"Most economists, it seems, believe strongly in their own superior intelligence and take themselves far too seriously. In his open letter of 22 July 2001 to Joseph Stiglitz, Kenneth Rogoff identified this problem. "One of my favourite stories from that era is a lunch with you and our former colleague, Carl Shapiro, at which the two of you started discussing whether Paul Volcker merited your vote for a tenured appointment at Princeton. At one point, you turned to me and said, "Ken, you used to work for Volcker at the Fed. Tell me, is he really smart ?"

 

I responded something to the effect of, "Well, he was arguably the greatest Federal Reserve Chairman of the twentieth century." To which you replied, "But is he smart like us?"

Satyajit Das in this highly entertaining review of credit crunch literature also quotes US humorist PJ O?Rourke, who described economics as an entire scientific discipline of not knowing what you?re talking about. “One can only quibble with the word "scientific?.” Just how did the practice of economics end up in such a dead end ?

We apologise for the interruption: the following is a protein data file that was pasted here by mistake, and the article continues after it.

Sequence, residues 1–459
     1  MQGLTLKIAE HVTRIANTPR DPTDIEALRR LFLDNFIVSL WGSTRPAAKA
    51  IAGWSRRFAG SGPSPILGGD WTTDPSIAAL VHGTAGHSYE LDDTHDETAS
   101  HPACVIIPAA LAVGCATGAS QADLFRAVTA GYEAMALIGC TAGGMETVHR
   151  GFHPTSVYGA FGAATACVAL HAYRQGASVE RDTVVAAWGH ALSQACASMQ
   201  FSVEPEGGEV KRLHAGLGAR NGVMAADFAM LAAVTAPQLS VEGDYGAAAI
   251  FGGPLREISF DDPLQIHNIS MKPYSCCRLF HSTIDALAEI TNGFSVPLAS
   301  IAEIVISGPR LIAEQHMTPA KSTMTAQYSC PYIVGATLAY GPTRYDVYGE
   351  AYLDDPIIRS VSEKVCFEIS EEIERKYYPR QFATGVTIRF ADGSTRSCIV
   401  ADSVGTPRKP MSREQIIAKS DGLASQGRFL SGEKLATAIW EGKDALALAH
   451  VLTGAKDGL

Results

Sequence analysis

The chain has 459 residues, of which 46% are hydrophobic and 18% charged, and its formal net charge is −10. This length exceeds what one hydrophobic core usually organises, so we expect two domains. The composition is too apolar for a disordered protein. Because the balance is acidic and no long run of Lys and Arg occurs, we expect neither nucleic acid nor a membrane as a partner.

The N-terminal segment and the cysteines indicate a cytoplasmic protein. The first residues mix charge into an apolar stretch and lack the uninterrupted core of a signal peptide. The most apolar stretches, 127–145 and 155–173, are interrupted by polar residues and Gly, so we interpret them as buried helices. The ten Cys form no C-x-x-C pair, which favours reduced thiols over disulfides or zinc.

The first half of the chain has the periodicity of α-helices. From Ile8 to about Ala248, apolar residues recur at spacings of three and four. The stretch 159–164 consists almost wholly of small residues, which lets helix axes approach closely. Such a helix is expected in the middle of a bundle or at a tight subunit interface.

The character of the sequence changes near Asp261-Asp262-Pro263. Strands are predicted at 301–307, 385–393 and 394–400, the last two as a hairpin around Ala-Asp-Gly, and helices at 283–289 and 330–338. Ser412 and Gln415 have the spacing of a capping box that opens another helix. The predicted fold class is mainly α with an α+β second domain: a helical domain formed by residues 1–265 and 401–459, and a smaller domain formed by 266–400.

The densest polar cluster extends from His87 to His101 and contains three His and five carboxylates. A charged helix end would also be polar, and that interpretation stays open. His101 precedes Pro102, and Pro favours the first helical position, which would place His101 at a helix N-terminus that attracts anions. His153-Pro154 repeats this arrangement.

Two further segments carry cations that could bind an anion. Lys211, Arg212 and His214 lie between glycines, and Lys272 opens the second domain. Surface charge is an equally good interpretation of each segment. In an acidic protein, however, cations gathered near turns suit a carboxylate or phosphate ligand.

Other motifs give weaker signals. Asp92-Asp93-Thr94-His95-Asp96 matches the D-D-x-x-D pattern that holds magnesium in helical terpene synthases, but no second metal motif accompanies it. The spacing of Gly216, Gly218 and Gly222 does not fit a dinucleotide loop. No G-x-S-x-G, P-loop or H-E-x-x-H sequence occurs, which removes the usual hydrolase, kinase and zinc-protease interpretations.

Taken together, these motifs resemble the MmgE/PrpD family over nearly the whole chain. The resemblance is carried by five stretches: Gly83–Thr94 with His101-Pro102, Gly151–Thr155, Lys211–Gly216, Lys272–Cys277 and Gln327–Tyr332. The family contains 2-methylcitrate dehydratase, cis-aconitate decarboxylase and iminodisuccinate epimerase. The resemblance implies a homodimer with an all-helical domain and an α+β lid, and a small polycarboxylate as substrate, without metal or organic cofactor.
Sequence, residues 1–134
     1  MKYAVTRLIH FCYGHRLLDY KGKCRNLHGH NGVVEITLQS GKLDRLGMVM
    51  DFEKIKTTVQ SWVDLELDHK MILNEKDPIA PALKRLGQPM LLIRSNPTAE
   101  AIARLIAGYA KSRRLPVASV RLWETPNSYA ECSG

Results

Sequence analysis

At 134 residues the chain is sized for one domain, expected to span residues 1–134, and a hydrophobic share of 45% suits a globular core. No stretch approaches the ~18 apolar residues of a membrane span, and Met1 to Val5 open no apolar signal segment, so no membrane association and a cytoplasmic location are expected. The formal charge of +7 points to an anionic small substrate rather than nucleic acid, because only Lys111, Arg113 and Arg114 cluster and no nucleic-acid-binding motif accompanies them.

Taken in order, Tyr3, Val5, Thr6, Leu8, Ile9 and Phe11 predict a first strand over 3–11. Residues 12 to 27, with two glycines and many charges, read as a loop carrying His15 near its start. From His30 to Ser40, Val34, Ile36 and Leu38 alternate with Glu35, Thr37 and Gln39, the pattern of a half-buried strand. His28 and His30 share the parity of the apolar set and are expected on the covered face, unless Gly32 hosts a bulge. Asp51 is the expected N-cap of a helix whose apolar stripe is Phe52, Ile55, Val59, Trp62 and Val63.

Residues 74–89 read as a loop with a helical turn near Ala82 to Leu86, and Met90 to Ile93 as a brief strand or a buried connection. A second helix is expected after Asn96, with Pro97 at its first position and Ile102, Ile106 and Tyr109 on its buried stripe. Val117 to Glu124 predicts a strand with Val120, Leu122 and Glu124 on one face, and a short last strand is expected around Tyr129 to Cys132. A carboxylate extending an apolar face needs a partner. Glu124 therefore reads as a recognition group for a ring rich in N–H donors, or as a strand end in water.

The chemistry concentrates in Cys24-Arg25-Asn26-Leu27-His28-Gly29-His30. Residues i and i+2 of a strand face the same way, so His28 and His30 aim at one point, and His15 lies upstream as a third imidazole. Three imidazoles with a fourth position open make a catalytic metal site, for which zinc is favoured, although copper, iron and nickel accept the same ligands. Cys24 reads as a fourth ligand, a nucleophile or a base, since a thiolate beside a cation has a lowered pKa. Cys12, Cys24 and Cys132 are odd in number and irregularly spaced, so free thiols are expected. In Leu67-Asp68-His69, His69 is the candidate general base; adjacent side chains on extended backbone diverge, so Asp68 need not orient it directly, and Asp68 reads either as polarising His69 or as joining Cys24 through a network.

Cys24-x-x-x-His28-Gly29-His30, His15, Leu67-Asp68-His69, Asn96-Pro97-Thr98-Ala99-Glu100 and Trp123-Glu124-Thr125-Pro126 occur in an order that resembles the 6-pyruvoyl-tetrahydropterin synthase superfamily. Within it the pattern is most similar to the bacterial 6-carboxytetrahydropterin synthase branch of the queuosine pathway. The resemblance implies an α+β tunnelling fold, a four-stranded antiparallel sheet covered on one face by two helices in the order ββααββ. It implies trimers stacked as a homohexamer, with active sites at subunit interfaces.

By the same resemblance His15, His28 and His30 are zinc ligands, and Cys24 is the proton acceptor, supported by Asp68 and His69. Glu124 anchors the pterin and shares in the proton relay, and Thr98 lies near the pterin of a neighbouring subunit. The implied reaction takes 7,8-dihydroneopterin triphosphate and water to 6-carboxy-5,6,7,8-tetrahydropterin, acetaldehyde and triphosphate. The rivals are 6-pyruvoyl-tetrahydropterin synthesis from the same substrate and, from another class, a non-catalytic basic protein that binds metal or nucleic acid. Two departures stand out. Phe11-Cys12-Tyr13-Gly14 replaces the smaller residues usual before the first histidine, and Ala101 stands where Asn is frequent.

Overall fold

One plausible answer arises out of Eric Beinhocker?s outstanding "The Origin of Wealth? (Random House, 2007), which sets out to ask the questions: What is wealth ? How is it created ? How can we create more of it ? In short, blame Léon Walras. In what must surely be the obligatory preparation for becoming an economist, Walras started out by being rejected, twice, from the prestigious Ecole Polytechnique due to poor mathematical skills. He then failed as an engineer, then failed as a novelist. He then spent several years struggling as a newspaper writer and a bank employee. The fact that he was French may not have been an altogether promising attribute either.

“One evening in 1858, a depressed Walras took a walk with his father, a teacher and writer, discussing what he should do with his life. [An objective and dispassionate investor from the early 21st century would have responded: end it.] The elder Walras, a great admirer of science, said that there were two great challenges remaining in the nineteenth century: the creation of a complete theory of history, and the creation of a scientific theory of economics.. Prior to Walras.. economics was not a mathematical field.. Walras and his compatriots…

Unlock the rest of this Article in 15 seconds

or Unlock with your email

Already have an account?
Login here